The NCWIT Award for Aspirations in Computing honors young women at the high-school level for their computing-related achievements and interests. Awardees are selected for their computing and IT aptitude, leadership ability, academic history, and plans for post-secondary education. The NCWIT Award for Aspirations in Computing offers both a national and local "affiliate" competitions to generate support and visibility for women's participation in communities nationwide.
The NCWIT Aspirations in Computing program is a sweeping national talent development initiative for young women in computing and information technology, from kindergarten through graduate school. The Aspirations program is supported nationally by AT&T, Bank of America, Bloomberg, Google, Hewlett-Packard, Intel, Microsoft, Motorola Solutions Foundation, Northrop Grumman, and Symantec. Find out more at www.aspirations.org.
NCWIT AspireIT connects high school and college women with K-12 girls interested in computing. Using a near-peer model, program leaders teach younger girls fundamentals in programming and computational thinking in fun, creative environments that are supported by program partners from the NCWIT community. The relationship between the program leaders and their program partners fosters mentoring with technical professionals, increases young women’s confidence in their computing abilities, and develops valuable leadership skills.
Applications for NCWIT AspireIT Round 4 are now open!
The Best Practices in Undergraduate Research project is focused on identifying and sharing best practices in undergraduate research. Best Practices in Undergraduate Research is a collaborative project of the CRA committee on Education (CRA-E) that includes representatives from the NCWIT AA, the CRA Committee on the Status of Women in Computing Research (CRA-W), and the Coalition to Diversify Computing (CDC). The team is working with the CRA CERP (Center for Evaluating the Research Pipeline: http://cra.org/cerp/) to identify best practices for conducting undergraduate research (both individual and group) in computing and impacts such programs have on their participants. In order to share best practices, the team is developing a website for faculty research mentors that offer advice and resources on running an undergraduate research program, funding opportunities to support undergraduate research, and other related items.
The Community College Outreach Project Team is working to invite more community colleges into the NCWIT Academic Alliance and understand how we can best support them. This team is an excellent opportunity to work on broadening participation at this often-overlooked stage in the national IT pipeline. The Community College Outreach Project Team has gathered a lot of information about the issues facing 2-year institutions and learned the common issues involved, such as budget constraints and student retention. To provide meaningful, accessible participation opportunities for community college Academic Alliance members, the Community College Outreach Project Team is busy making plans to move forward on the most requested resources.
Student women-in-computing (WIC) organizations reduce feelings of isolation among women students and increase their confidence and enjoyment in their studies. But establishing and sustaining a WIC student group can be challenging. The Creating and Supporting Student Organization Project Team's mission is to provide guidance to organizers of WIC student groups and help institutions assist their students to form student organizations in computing that create more supportive environments for women students in computing fields. Last fall the team conducted a survey to gather information from existing WIC groups. Responding to feedback from this survey and breakout sessions at the 2012 NCWIT Summit, the CSSO team is working with NCWIT to create two resources.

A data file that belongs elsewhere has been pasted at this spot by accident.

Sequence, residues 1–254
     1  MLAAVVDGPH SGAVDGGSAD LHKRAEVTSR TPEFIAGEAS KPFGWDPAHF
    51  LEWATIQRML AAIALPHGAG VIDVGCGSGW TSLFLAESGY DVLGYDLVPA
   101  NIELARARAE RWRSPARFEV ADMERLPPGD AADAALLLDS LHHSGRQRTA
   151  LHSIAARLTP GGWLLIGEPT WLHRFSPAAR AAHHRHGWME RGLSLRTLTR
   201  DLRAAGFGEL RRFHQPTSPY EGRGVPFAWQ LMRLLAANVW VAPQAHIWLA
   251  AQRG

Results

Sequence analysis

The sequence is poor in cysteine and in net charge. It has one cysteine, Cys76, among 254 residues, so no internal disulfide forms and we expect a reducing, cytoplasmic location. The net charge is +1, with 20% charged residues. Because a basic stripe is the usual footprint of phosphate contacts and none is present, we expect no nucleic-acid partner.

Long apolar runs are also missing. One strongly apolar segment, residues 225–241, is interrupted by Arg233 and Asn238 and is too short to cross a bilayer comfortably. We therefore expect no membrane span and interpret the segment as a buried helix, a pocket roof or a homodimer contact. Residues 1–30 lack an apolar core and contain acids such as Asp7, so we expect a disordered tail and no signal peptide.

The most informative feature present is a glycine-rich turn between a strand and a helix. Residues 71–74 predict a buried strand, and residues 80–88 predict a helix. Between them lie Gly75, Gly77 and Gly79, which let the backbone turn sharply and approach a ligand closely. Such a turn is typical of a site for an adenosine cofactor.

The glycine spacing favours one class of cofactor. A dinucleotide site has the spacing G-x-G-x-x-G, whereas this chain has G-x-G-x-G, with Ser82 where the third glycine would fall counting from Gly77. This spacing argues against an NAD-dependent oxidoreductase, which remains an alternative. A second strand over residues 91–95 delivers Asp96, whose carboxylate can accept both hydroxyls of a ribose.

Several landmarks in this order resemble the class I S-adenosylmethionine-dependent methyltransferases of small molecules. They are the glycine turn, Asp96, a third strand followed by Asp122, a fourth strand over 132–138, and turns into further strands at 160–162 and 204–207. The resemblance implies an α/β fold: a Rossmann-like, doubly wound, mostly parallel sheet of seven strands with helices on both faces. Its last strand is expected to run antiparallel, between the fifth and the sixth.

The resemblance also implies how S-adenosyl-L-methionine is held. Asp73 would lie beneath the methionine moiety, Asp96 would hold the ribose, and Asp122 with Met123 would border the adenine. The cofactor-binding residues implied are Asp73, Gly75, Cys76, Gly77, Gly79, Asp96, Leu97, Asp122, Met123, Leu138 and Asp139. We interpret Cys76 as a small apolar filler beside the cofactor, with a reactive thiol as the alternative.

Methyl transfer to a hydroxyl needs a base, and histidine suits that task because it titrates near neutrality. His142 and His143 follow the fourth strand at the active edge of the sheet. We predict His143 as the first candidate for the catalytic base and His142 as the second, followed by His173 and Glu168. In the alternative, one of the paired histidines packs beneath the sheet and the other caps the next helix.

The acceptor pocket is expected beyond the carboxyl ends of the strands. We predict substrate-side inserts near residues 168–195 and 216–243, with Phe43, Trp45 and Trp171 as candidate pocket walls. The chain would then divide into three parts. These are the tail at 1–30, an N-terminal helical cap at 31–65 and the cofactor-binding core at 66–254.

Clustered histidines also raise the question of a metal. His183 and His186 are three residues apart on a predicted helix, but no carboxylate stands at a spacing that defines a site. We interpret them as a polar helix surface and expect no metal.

The NCWIT Academic Alliance (AA) Engagement Team is responsible for reaching out to potential new members. Currently the Academic Alliance comprises more than1,000 representatives from over 350 institutions. These institutions include two-year and four-year schools, research universities, community colleges, minority serving institutions (MSIs), and historically black colleges and universities (HBCUs), which offer degree programs ranging from Associate's degrees through PhDs. With the increasing number and diversity of institutional members, this team also focuses on increasing engagement between members. There are two activities that have recently been the focus of the team, increasing engagement and providing more benefits specific to NCWIT members to increase the value of their membership in the Academic Alliance.
NCWIT Extension Services for Undergraduate Programs (ES-UP) provides customized consultation to undergraduate departments of computing to help them develop high-impact strategies for recruiting and retaining more women students.
Our most recent NSF cohort of clients increased the percentage of women in their computing degree programs from 13% to 15% in only two years. While most of these programs are experiencing significant growth in their majors, the growth rate within these programs for women majors is, on average, higher than that for men (68% vs. 37%).
The NCWIT Academic Alliance Seed Fund awards NCWIT's Academic Alliance members at non-profit, U.S. institutions with start-up funds (up to $10,000 per project) to develop and implement initiatives for recruiting or retaining women in computing and IT. To date, 43 member organizations have received a total of $505,450 to grow their technology-related outreach program. We thank Microsoft Research for their support of the Seed Fund.